"On every space mission, there's a potential of getting sick or getting hurt," Scarpa said. As Kennedy's medical operations manager, Scarpa helps provide medical support to the astronauts before they launch into space and after they land.

On Earth, several medical conditions require IV fluids, usually for rehydration or for delivering medicines. The NASA International Space Station Patient Condition Database identified 115 medical conditions that could occur on the space station and would require IV fluids to be administered.

For example, an astronaut with severe burns can require about 100 liters of IV fluids for weeks, with 30 liters needed in the first three days. One recent NASA study reported that a mission to Mars may need as much as 248 liters of IV fluids on board. Currently there are 12 liters of fluid stored on the space station. Even less severe conditions, such as broken bones or motion sickness, can deplete the stock quickly, especially if more than one astronaut is sick or injured.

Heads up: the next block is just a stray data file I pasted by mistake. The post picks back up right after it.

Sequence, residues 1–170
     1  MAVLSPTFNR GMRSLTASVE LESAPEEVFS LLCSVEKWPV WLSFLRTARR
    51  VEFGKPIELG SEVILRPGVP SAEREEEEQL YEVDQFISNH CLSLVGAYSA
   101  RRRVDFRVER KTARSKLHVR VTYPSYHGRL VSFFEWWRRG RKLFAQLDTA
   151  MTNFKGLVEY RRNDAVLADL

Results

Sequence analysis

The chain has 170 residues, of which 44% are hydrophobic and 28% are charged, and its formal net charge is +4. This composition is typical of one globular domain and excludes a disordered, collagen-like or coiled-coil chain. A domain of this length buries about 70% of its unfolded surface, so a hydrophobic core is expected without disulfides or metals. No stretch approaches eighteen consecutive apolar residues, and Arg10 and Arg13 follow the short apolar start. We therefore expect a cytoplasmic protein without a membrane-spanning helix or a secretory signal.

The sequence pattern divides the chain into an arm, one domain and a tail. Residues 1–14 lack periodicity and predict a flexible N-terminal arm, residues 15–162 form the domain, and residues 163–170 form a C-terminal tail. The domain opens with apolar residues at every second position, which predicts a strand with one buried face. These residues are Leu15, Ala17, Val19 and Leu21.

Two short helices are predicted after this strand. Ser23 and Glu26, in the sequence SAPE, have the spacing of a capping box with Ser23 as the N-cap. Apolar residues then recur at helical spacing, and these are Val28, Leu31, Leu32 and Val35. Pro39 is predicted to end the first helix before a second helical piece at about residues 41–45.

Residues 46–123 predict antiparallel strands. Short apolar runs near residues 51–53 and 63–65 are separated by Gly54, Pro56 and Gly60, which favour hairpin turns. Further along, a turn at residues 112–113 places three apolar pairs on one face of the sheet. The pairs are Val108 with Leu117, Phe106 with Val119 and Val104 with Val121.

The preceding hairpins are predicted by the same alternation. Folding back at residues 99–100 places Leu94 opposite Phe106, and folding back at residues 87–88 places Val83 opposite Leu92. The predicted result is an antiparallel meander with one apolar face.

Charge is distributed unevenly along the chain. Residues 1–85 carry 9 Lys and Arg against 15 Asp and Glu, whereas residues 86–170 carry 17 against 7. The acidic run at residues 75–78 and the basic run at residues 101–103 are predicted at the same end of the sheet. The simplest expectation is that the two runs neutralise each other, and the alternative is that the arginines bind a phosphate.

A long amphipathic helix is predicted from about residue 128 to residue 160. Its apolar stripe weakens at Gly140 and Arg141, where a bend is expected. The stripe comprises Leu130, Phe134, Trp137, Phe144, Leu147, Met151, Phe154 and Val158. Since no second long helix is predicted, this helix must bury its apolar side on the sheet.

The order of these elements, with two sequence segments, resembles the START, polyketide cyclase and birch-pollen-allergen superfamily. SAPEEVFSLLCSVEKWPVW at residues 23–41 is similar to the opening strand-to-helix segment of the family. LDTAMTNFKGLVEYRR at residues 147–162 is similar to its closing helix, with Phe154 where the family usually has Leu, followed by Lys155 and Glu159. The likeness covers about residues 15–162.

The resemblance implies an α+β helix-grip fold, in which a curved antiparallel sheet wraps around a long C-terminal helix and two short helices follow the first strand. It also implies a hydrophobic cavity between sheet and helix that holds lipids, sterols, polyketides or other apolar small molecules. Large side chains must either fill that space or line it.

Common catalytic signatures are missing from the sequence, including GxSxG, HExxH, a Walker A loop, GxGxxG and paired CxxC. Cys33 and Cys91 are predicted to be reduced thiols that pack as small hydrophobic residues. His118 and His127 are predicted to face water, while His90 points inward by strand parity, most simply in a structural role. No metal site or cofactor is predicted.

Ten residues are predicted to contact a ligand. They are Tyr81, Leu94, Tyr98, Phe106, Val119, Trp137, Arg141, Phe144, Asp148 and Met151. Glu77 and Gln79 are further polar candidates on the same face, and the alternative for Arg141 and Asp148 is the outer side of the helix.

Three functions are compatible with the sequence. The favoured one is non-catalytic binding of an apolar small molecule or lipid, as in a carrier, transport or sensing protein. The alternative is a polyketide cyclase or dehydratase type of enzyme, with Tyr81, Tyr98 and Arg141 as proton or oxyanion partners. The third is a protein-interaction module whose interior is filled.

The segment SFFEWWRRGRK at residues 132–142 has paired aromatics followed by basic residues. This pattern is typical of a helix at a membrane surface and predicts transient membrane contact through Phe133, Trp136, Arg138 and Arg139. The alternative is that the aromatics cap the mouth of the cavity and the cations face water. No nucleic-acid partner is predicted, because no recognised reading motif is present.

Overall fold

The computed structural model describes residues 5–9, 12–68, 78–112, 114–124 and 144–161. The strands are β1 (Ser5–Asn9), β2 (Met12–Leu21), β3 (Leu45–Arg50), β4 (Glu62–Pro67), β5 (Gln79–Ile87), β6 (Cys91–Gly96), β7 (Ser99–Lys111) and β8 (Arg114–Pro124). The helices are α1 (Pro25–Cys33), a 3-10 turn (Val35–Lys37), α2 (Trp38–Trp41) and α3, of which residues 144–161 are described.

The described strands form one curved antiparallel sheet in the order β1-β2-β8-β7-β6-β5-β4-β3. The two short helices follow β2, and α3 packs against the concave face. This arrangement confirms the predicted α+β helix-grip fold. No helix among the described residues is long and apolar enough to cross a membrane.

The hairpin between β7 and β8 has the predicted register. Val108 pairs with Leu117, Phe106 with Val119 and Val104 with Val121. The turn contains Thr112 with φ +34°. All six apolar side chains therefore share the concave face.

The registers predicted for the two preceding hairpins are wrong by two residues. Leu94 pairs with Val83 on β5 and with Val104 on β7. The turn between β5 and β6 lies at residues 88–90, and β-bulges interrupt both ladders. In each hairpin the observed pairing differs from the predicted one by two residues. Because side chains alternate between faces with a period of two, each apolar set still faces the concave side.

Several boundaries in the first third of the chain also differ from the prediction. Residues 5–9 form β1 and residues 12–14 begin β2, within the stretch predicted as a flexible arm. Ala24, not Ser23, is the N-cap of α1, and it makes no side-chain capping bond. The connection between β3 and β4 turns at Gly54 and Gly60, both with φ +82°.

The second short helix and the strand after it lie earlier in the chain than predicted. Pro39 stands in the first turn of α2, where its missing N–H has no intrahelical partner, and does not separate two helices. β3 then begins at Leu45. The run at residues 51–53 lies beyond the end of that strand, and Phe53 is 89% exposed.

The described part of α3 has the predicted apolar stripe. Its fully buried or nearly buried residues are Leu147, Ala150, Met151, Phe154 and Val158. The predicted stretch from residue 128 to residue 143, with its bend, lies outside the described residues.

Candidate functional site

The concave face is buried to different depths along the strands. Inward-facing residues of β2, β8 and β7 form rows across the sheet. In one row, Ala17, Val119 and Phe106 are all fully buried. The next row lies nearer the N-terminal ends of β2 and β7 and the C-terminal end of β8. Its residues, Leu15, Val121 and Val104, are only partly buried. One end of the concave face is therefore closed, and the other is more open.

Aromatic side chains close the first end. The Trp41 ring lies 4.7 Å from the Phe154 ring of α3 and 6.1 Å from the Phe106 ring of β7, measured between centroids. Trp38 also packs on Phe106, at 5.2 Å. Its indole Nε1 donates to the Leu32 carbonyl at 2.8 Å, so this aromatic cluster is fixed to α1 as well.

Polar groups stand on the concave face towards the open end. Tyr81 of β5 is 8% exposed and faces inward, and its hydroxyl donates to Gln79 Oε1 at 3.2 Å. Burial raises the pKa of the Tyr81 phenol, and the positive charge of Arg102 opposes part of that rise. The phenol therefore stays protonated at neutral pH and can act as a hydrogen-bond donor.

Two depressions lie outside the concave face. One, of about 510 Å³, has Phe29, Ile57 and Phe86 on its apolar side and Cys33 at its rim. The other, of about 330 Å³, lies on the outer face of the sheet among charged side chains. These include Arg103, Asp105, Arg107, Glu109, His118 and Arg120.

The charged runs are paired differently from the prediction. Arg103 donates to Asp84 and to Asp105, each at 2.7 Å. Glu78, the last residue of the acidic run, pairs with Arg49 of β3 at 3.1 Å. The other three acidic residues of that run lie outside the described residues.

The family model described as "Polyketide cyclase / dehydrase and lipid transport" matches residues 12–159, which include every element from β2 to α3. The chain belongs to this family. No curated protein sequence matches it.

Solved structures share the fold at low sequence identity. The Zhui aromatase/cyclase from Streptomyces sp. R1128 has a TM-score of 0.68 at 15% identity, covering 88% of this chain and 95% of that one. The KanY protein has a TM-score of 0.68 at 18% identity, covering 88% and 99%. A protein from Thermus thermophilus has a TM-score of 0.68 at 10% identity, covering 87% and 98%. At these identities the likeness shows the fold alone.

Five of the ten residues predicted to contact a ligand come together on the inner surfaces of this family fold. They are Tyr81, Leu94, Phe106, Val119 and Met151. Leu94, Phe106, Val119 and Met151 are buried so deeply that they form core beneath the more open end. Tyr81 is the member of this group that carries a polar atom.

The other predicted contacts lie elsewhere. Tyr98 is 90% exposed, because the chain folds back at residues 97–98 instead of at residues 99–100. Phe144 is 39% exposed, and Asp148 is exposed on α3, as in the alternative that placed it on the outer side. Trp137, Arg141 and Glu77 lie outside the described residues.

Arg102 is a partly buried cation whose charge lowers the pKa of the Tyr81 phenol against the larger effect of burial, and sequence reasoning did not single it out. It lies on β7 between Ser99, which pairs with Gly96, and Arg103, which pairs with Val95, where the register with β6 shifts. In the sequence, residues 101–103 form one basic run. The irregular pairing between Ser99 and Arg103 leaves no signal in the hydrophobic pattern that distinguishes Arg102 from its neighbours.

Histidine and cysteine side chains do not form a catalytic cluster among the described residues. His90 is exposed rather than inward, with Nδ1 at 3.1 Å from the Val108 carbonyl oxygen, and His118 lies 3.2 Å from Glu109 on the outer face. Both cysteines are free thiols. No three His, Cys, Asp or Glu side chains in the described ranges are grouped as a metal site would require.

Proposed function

At more than two pounds of weight per liter, IV fluids are very costly to take into space. It also takes up a lot of volume, and due to its need for sterility, IV fluids have a limited shelf life.

“On board or ‘in-situ’ production of IV fluids needed for medical treatments, could greatly reduce these costs and storage limitations, and would give NASA much more flexibility in how it can use the water it already has on the spacecraft,” Scarpa said.

Prior to partnering with Glenn in 2007, Scarpa teamed up with researchers from the United Kingdom and Canada to develop the technology. Called “Project Clearwater,” the team started its research in 2005 with a grant from the Florida Space Research Institute. "When we started looking into this, we thought we would quickly find out that someone had done this already," Scarpa said. "After our background research, we were surprised that no one had been successful with this before. It's not easy. The requirements for medical-grade water for injection are very strict and difficult to meet without large factory-based processes."